It is only fitting that South Africa, a land that experienced the efficacy of boycott, divestment and sanctions as part of a multifaceted struggle against Apartheid, should be the first country to take such an action against Ahava’s illegal practices. Now consumers from South Africa will be able to look at the label on products coming from the West Bank and to make an informed choice about whether or not they want to support an ongoing military occupation. Thank you to Dr. Rob Davies, Minister for Industry and Trade, and to Open Shuhada Street for supporting dignity, equality and justice for all people in Israel and Palestine.

Meanwhile, in Denmark, Foreign Minister Villy Soevndal stated this week that the country will begin labeling imported products for all goods from West Bank settlements “which are illegal according to international law.”

Al-Arabiya reported on Monday that:

The labeling system will be offered to Danish supermarkets and they will be free to decide if they want to implement it or not. But Soevndal said he was confident that businesses will want to partake in the system and referred to Great Britain which implemented a similar arrangement “with great success.” Soevndal also has a firm belief that the settlement issue causes so much resentment that consumers will change their behavior.

… The Danish labeling initiative comes at a time when the European Union has agreed to tighten the monitoring of the trade agreement with Israel.

Al-Arabiya added that the EU trade agreement currently exempts customs tax from Israeli imports. The article stated:

With a better identification of the origin of the goods and improved documentation at customs, the EU is attempting to make sure that manufacturers producing the goods in illegal settlements do not profit from the duty-free agreement.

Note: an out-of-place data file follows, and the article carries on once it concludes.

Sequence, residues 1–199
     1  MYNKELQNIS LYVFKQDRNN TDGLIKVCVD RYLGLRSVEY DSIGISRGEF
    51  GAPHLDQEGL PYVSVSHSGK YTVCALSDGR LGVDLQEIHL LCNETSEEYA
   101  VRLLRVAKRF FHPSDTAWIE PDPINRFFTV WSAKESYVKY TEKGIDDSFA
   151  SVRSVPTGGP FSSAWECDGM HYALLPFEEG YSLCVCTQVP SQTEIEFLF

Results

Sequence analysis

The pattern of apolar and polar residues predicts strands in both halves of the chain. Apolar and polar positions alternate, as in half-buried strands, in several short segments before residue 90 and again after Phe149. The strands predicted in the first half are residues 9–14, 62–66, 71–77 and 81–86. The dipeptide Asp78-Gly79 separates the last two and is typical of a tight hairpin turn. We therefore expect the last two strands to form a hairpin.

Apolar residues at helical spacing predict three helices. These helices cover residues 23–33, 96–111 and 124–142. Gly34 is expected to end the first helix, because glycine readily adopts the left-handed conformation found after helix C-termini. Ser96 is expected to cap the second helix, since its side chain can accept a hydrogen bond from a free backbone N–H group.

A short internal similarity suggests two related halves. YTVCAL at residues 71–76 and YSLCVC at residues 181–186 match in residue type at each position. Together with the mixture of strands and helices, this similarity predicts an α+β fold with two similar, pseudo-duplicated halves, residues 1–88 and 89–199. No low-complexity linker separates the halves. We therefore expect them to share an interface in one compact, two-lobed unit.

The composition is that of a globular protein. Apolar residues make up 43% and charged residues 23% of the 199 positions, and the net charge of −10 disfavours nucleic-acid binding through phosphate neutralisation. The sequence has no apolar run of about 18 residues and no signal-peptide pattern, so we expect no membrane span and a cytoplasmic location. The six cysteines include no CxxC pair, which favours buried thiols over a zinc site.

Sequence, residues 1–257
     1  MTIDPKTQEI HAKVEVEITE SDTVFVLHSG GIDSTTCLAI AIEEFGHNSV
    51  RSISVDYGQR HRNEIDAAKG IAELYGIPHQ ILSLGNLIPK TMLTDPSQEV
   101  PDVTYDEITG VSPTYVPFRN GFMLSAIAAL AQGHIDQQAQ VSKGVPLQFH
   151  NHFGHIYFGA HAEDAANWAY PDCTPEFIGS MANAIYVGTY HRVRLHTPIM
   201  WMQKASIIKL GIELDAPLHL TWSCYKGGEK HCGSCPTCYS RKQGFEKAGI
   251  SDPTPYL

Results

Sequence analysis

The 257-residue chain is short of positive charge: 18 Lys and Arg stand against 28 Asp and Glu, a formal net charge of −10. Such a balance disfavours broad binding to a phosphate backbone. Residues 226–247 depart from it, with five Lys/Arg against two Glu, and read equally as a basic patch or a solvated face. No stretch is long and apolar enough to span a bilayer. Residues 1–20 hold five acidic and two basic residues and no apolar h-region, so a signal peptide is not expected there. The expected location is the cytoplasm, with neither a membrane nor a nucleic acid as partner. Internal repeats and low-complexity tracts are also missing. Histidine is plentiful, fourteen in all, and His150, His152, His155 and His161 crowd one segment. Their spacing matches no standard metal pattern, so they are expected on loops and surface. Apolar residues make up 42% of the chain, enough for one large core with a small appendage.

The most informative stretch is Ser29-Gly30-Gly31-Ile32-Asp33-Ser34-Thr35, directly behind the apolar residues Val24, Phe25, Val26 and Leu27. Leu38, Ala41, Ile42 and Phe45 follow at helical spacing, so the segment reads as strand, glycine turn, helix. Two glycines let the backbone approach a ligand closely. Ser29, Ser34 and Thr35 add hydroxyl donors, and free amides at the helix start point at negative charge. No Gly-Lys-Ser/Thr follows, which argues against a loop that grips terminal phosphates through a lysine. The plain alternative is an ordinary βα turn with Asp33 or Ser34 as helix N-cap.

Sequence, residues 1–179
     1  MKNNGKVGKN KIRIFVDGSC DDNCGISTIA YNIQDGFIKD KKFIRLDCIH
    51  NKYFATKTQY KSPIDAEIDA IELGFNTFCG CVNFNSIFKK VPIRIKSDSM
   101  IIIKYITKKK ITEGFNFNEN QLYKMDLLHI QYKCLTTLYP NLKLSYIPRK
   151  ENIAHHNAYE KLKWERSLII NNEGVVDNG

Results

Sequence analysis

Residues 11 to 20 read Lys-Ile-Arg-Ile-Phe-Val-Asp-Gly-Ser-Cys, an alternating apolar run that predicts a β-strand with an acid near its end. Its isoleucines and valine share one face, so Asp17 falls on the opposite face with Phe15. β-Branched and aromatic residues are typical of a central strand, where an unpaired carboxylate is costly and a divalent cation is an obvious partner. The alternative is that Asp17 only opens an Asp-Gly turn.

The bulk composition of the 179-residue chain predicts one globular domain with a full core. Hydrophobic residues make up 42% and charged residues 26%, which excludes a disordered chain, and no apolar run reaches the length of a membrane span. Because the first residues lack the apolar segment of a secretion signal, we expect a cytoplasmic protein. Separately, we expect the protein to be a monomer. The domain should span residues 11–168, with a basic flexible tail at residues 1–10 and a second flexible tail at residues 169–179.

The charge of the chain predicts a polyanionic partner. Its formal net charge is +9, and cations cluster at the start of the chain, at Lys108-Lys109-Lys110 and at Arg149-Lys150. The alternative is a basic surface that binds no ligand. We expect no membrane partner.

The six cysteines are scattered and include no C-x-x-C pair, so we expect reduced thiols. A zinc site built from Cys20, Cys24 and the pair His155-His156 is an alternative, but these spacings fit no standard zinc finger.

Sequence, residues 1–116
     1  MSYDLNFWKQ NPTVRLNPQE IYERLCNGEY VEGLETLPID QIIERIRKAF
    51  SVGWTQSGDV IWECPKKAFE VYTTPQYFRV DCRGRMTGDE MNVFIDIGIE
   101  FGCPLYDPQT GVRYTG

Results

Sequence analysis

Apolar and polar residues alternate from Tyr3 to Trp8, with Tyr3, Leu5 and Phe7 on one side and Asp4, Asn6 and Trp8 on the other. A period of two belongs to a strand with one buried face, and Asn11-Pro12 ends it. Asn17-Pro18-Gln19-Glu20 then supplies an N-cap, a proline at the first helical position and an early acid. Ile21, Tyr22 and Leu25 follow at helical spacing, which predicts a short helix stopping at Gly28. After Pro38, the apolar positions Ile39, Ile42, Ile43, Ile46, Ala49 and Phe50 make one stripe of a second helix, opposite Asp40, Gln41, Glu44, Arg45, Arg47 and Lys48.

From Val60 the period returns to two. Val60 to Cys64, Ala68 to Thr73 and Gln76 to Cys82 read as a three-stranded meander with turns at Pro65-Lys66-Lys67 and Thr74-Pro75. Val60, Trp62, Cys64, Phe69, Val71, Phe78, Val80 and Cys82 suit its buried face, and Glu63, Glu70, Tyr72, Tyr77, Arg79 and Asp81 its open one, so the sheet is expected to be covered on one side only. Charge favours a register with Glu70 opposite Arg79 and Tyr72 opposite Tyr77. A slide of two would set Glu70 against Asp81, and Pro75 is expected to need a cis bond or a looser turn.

“Our intention is to ensure that the trade agreement with Israel is not being used to smuggle settlement products,” said Soevndal.

These significant decisions taken by South Africa and Denmark come just weeks after the major UK supermarket chain, The Co-Op, stated that it would expand its boycott of goods produced in Israeli settlements on occupied Palestinian land into a complete boycott of Israeli companies that source any goods in settlements.

Quaker church divests from Caterpillar

This week, the international Quaker Friends Fiduciary Corporation announced that it will divest from Caterpillar, the corporation which sells bulldozers to the Israeli military that are used to demolish Palestinian homes, land and property. Caterpillar bulldozers have also killed Palestinians and internationals such as US activist Rachel Corrie in 2003, who attempted to defend a Palestinian family’s home in Rafah, Gaza, from imminent demolition.

According to a press release from the US Campaign to End the Israeli Occupation, Quaker FFC has divested $900,000 worth of shares in Caterpillar — a corporation which, the Campaign says, “continues to feel the pressure from all sides for its production and sale of weaponized bulldozers to Israel, used to violate Palestinian rights and destroy Palestinian homes, schools, hospitals, olive groves, and lives.”

The Campaign’s press release adds:

FFC has a “zero tolerance for weapons and weapons components,” and said, “We are uncomfortable defending our position on this stock.”

FFC is not the first Quaker institution to avoid companies that support the Israeli occupation. In March 2008, the Board of the American Friends Service Committee (AFSC), a US Campaign member group, approved an Israel/Palestine investment screen, stating:

“Investments should not be made in any company that provides products or services, including financial services, to Israeli governmental or military bodies … or to Israeli or Palestinian organizations or groups that are used to facilitate or undertake violent acts against civilians or violations of international law.”

The AFSC investment screen is based on a 29-company “no-buy” list — originally compiled by the New England Conference of the United Methodist Church — which includes Caterpillar, Motorola Solutions, Veolia, and Hewlett Packard. In June 2011, AFSC also joined the “We Divest Campaign,” which calls on financial giant TIAA-CREF to divest from the Israeli occupation.


Nora Barrows-Friedman

Nora Barrows-Friedman's picture

Nora Barrows-Friedman is a staff writer and associate editor at The Electronic Intifada, and is the author of In Our Power: US Students Organize for Justice in Palestine (Just World Books, 2014).